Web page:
UCSF CT Radiation Dose Registry Wins $1.9M Grant!

UCSF Radiology’s Rebecca Smith-Bindman, MD and her team of investigators were recently awarded a $1.9 million grant by the Patient-Centered Outcomes Research Institute to fund the UCSF CT Radiation Dose Registry and ensure a patient-centered approach to imaging!

Computed tomography (CT) is used frequently – 75 million exams are conducted annually in the US—and with high dosages of radiation. One CT exam delivers up to 500 times the radiation of a chest x-ray. Despite this, there are very few standards across radiology for the conduct of CT examinations. Because of this, there is a wide variation in the doses patients receive when they undergo CT and radiologists are routinely using a higher dose level than deemed medically necessary for diagnosis.  Higher dose levels are associated with a higher cancer risk.

Little progress has been made to lower dose levels, despite a greater focus on CT dose reduction from consumer advocates, medical groups, quality organizations and legislators. Manufacturers are developing lower dose machines, but they could take decades to roll out at a national level.

The team led by Dr. Smith-Bindman has proposed research that will focus on developing and implementing strategies to standardize and optimize the protocols and doses used for CT across a large number of institutions in the US, Canada, and the UK and in collaboration with Radimetrics, a medical imaging radiation dose monitoring software company.  Ideally, this registry will improve patient safety and lower the risk of future cancers related to CT imaging.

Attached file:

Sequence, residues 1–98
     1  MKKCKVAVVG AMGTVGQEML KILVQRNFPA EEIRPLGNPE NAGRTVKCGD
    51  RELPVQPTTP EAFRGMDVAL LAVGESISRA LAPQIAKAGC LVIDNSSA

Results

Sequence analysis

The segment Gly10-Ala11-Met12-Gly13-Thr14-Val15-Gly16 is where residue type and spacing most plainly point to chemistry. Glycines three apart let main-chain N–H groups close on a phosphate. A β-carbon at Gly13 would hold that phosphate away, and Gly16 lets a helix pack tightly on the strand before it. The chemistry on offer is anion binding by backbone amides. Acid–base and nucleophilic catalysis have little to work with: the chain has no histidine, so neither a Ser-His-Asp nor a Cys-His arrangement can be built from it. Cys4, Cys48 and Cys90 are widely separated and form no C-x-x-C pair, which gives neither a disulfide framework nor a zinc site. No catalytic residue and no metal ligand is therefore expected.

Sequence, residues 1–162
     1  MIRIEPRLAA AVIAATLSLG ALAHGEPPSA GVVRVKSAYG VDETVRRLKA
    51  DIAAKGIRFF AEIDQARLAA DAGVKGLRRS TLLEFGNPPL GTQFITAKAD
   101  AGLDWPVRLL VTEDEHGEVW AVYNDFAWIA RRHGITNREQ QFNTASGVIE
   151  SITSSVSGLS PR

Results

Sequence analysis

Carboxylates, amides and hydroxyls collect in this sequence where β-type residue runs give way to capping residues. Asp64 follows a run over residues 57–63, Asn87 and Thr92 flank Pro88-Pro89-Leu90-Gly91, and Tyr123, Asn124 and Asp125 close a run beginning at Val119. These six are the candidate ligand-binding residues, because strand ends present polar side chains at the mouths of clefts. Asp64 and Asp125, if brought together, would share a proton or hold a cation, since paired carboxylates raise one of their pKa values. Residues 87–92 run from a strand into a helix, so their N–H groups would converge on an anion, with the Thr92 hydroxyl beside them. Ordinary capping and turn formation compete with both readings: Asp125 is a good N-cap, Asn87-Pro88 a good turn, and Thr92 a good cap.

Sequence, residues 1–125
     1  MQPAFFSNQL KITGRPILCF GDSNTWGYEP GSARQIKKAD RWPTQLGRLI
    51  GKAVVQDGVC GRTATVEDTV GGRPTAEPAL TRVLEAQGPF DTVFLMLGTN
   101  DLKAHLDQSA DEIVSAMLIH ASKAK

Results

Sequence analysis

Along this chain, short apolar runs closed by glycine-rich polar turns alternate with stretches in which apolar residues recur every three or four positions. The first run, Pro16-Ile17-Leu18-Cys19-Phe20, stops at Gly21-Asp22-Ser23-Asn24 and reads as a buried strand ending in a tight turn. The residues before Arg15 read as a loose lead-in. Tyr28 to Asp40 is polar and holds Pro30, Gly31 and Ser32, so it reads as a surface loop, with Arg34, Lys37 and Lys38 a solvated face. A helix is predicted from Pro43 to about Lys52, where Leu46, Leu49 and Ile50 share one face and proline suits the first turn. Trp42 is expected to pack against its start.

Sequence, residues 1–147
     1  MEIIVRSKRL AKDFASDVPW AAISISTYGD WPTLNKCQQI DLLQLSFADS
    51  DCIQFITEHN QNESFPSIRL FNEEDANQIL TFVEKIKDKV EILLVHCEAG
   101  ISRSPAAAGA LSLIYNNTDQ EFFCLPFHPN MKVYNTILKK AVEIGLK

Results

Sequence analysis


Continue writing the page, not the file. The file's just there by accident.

Additional goals of the collaboration include:

·         Collect detailed data to assess current CT practice
·         To use these data to develop meaningful metrics to summarize dose at the facility level
·         To create benchmarks for assessing the appropriateness of dose
·         To test organizational strategies for optimizing dose
·         To disseminate & implement successful strategies to the larger healthcare committee.

The project will run for three years and will rely on existing relationships where the details of data collection have already been established.

This grant is just one of 71 awards approved by the Patient-Centered Outcomes Research Institute (PCORI) Board of Governors and part of a subset of studies selected to improve efforts of data collection through new sources.

For more information about the PCORI Board grants, please see here.